This Celiac.com FAQ on celiac disease will guide you to all of the basic information you will need to know about the disease, its diagnosis, testing methods, a gluten-free diet, etc. Subscribe to FREE Celiac.com email alerts What are the major symptoms of celiac disease? Celiac Disease SymptomsWhat testing is available for celiac disease? - list blood tests, endo with biopsy, genetic test and enterolab (not diagnostic) Celiac Disease ScreeningInterpretation of Celiac Disease Blood Test ResultsCan I be tested even though I am eating gluten free? How long must gluten be taken for the serological tests to be meaningful?The Gluten-Free Diet 101 - A Beginner's Guide to Going Gluten-FreeIs celiac inherited? Should my children be tested? Ten Facts About Celiac Disease Genetic TestingIs there a link between celiac and other autoimmune diseases? Celiac Disease Research: Associated Diseases and DisordersIs there a list of gluten foods to avoid? Unsafe Gluten-Free Food List (Unsafe Ingredients)Is there a list of gluten free foods? Safe Gluten-Free Food List (Safe Ingredients)Gluten-Free Alcoholic BeveragesDistilled Spirits (Grain Alcohols) and Vinegar: Are they Gluten-Free?Where does gluten hide? Additional Things to Beware of to Maintain a 100% Gluten-Free DietFree recipes: Gluten-Free RecipesWhere can I buy gluten-free stuff? Support this site by shopping at The Celiac.com Store.For Additional Information: Subscribe to: Journal of Gluten Sensitivity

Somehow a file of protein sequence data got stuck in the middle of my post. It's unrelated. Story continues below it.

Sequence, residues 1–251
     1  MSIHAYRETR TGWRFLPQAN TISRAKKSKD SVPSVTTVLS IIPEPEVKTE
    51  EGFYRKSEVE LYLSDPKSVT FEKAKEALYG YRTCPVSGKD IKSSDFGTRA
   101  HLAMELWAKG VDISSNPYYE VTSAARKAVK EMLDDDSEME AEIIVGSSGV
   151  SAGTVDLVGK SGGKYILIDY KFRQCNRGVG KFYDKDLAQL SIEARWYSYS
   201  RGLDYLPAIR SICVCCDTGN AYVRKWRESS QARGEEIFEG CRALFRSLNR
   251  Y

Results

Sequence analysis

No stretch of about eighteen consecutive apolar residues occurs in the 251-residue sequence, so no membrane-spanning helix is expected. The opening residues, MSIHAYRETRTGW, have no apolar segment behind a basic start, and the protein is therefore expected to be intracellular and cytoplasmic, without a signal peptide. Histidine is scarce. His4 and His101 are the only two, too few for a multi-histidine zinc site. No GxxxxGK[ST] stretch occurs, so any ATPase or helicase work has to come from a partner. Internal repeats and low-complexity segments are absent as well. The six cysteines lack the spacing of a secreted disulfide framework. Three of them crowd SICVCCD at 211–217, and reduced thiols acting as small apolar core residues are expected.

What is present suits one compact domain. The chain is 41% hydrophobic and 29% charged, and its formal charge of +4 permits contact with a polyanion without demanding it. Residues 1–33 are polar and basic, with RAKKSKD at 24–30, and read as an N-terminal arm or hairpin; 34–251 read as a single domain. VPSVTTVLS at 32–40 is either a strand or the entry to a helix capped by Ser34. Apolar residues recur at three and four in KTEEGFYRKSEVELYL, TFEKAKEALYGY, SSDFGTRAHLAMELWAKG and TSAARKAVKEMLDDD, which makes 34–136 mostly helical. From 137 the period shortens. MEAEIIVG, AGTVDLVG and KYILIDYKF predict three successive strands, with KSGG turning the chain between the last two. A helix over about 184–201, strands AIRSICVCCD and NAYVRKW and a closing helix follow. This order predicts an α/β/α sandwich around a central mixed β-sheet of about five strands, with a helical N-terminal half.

Thank you jnh38, for your list of foods to avoid! No one had ever told me this. I am in the midst of experimenting with those foods, and your doctor is right on the money! I am so grateful for this information. Thank God for this Board, since the medics don't seem to know as much as they should about Celiac Disease! Of course, there isn't much left that I enjoy eating that is safe, but I will get by!